The Suicide (Prevention) Bill is a Private Members' Bill, sponsored by William McCrea MP MLA. It had its first reading in parliament in April 2012. Although the bill did not make it through the parliamentary session, it was reintroduced into parliament in November 2012.
A Bill to require the Secretary of State to set up a body to establish a public initiative for the prevention of suicide and self harm, to work with internet providers and others to reduce access to information on the internet and through other sources on methods of suicide and to develop a system of alerts and blocks for internet searches relating to suicide; and for connected purposes.
- The Office has the responsibility—
- (a) to establish a public initiative for the prevention of suicide and self harm;
- (b) to work with internet providers and others to reduce access to information on the internet, and through other sources on methods and instead direct internet users to websites which seek to provide support and assistance in the prevention of suicide and self harm;
- (c) to work with relevant bodies to develop a system of alerts and blocks for internet searches relating to suicide, and to implement a “Notice and Takedown” procedure by which service providers remove or disable access to potentially harmful content hosted on their networks;
- (d) to carry out such other functions as are conferred by, or by virtue of, this or any other enactment.
The First reading of the bill took place on 13/11/2012. McCrea suggested that:
- A recent medical journal focusing on suicide and the internet describes it as “extremely easy” to access information about suicide on the internet, and refers to several sites which describe the use of guns, overdosing, slashing one’s wrists and hanging as the best methods to end one’s life. The internet and new media are undeniably prominent features of youth culture, but there are mounting concerns about the difficulty of ensuring safe access for children and developing appropriate limits and supports in respect of that access. Online technologies are growing and expanding rapidly, and each form poses both potential and real risk to children, young people and the most vulnerable. Knowing how to use the internet safely is the key to a positive online experience, and to ensuring that the benefits of the internet are realised and children are protected from harm. In writing to me earlier this year, the executive director of Samaritans Ireland noted:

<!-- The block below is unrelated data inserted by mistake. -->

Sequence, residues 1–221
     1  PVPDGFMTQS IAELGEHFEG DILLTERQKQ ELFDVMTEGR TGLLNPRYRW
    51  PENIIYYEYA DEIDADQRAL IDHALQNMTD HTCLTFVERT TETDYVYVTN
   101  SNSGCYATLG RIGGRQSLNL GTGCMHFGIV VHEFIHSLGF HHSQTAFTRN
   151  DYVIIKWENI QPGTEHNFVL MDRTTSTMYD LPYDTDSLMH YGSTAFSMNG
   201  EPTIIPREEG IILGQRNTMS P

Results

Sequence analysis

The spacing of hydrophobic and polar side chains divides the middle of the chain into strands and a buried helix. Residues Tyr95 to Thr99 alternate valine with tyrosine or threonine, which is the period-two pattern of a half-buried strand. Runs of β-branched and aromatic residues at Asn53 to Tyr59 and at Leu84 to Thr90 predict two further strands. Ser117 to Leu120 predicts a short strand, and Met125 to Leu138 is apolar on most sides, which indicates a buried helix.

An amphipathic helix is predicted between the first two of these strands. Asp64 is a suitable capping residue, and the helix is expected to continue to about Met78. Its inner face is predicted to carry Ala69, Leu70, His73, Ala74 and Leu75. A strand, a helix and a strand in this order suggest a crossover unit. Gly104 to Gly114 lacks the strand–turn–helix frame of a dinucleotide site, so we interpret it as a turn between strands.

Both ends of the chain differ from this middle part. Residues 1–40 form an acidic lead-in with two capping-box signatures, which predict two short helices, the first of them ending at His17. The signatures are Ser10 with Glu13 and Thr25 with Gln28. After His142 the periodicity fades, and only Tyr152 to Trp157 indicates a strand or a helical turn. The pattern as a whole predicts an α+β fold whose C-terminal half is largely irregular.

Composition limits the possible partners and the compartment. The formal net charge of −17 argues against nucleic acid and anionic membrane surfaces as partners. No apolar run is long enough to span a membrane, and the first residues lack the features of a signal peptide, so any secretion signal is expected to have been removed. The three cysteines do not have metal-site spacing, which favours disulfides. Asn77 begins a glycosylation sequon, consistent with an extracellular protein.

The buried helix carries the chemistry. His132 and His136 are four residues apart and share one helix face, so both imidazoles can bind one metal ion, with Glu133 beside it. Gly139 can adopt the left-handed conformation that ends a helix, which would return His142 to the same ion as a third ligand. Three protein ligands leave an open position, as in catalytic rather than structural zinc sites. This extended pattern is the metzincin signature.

- “There are some aspects of the ways that individuals interact with one another online for example through social networking sites and online chat rooms that can place vulnerable people at risk by exposing them to detail about suicide methods or conversations that encourage suicide. Indeed in recent years there have been several widely reported cases of individuals taking their own lives having used websites that have provided explicit information on suicide methods or have been used to facilitate suicide pacts.”
On February 1, the Bill was not moved and thus not debated. Due to this, the time for a second reading lapsed and it is unclear when the Bill will make any further progress.